Combining phenotypic and proteomic approaches to identify membrane targets in a ‘triple negative’ breast cancer cell type
1 MedImmune, Granta Park, Cambridge, CB21 6GH, UK
2 MedImmune, One MedImmune Way, Gaithersburg, MD, 20287, US
3 Nanoxis AB, Lennart Torstenssonsgatan 5, SE-40016, Gothenburg, Sweden
4 Division of Antibody Project, Institute for Comprehensive Medical Science, Fujita Health University, Toyoake, Aichi, Japan
Molecular Cancer 2013, 12:11 doi:10.1186/1476-4598-12-11Published: 13 February 2013
The continued discovery of therapeutic antibodies, which address unmet medical needs, requires the continued discovery of tractable antibody targets. Multiple protein-level target discovery approaches are available and these can be used in combination to extensively survey relevant cell membranomes. In this study, the MDA-MB-231 cell line was selected for membranome survey as it is a ‘triple negative’ breast cancer cell line, which represents a cancer subtype that is aggressive and has few treatment options.
The MDA-MB-231 breast carcinoma cell line was used to explore three membranome target discovery approaches, which were used in parallel to cross-validate the significance of identified antigens. A proteomic approach, which used membrane protein enrichment followed by protein identification by mass spectrometry, was used alongside two phenotypic antibody screening approaches. The first phenotypic screening approach was based on hybridoma technology and the second was based on phage display technology. Antibodies isolated by the phenotypic approaches were tested for cell specificity as well as internalisation and the targets identified were compared to each other as well as those identified by the proteomic approach. An anti-CD73 antibody derived from the phage display-based phenotypic approach was tested for binding to other ‘triple negative’ breast cancer cell lines and tested for tumour growth inhibitory activity in a MDA-MB-231 xenograft model.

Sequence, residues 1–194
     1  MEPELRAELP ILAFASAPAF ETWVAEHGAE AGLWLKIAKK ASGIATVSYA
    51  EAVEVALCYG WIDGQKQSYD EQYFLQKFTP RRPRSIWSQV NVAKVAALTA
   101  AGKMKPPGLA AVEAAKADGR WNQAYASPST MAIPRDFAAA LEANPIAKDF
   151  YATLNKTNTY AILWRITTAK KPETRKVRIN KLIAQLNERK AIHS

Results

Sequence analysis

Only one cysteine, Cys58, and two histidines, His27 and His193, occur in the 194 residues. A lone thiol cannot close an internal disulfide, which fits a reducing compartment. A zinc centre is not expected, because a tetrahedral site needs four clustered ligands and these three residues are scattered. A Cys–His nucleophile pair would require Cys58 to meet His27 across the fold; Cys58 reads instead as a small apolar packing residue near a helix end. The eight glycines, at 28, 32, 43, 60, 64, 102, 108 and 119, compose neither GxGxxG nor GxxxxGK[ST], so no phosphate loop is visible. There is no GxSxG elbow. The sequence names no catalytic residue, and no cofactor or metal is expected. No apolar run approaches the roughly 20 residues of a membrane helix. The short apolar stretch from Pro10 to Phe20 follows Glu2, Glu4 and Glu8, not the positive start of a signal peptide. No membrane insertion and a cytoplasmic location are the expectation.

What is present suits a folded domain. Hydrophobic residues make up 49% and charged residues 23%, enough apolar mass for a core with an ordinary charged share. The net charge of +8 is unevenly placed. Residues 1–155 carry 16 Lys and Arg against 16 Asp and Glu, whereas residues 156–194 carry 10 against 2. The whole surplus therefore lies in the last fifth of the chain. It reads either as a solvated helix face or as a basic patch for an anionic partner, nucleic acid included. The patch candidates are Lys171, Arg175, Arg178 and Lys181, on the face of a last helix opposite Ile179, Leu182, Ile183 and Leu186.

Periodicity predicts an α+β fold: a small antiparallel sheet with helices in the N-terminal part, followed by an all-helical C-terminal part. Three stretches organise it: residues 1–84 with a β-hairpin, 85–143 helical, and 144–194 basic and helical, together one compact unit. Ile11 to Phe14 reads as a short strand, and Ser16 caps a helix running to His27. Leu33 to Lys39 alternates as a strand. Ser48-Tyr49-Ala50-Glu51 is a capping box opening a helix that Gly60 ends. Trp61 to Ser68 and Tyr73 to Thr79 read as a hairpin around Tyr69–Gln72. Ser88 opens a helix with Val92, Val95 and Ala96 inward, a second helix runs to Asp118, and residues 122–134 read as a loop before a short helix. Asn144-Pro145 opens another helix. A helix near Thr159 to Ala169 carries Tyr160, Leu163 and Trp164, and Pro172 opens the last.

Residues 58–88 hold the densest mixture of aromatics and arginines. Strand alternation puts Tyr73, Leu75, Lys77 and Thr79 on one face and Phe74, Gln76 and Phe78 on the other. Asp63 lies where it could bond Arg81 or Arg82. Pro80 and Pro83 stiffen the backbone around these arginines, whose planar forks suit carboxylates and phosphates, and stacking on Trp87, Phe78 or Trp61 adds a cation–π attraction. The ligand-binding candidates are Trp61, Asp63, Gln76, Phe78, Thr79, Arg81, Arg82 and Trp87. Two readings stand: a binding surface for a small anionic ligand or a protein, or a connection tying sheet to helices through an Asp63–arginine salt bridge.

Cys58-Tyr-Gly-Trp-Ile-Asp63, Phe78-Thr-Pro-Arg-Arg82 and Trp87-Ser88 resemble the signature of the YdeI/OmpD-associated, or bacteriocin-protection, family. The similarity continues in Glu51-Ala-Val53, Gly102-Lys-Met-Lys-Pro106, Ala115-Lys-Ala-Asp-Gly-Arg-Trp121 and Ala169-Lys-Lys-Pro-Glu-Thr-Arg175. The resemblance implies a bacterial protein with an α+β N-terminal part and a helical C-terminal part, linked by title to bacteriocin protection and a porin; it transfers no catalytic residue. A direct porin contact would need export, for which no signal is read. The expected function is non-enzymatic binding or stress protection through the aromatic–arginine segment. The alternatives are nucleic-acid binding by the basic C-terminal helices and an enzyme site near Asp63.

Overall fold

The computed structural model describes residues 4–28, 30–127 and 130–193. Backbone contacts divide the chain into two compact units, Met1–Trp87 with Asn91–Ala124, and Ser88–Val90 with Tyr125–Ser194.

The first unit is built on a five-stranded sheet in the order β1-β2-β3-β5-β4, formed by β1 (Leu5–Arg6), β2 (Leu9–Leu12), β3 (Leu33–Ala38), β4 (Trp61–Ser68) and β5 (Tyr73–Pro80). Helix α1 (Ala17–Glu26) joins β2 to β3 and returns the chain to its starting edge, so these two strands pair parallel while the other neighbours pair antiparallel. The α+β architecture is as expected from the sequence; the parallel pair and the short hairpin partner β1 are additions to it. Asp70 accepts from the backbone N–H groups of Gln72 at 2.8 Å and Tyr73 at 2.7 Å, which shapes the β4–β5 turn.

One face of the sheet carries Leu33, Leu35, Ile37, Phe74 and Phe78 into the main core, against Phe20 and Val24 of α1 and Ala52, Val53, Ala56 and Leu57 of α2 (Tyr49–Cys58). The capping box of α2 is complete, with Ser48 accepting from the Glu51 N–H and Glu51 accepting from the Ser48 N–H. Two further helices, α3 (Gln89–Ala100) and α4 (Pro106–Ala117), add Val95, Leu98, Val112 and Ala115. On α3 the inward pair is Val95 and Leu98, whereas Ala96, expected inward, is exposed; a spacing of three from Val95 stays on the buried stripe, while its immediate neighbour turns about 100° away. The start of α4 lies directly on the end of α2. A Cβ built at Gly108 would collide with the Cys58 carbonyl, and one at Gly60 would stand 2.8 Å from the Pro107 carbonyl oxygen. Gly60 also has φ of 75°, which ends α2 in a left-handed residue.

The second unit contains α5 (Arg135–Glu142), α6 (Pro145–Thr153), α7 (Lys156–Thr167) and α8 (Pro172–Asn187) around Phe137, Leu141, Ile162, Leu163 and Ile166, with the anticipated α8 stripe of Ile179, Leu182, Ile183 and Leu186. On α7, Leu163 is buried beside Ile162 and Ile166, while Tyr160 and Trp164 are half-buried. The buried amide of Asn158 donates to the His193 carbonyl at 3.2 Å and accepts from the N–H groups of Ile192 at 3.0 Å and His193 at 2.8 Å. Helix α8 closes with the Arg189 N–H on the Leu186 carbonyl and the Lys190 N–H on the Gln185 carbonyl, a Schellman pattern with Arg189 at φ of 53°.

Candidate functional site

All of the approaches identified multiple cell surface markers, including integrins, CD44, EGFR, CD71, galectin-3, CD73 and BCAM, some of which had been previously confirmed as being tractable to antibody therapy. In total, 40 cell surface markers were identified for further study. In addition to cell surface marker identification, the phenotypic antibody screening approaches provided reagent antibodies for target validation studies. This is illustrated using the anti-CD73 antibody, which bound other ‘triple negative’ breast cancer cell lines and produced significant tumour growth inhibitory activity in a MDA-MB-231 xenograft model.
This study has demonstrated that multiple methods are required to successfully analyse the membranome of a desired cell type. It has also successfully demonstrated that phenotypic antibody screening provides a mechanism for rapidly discovering and evaluating antibody tractable targets, which can significantly accelerate the therapeutic discovery process.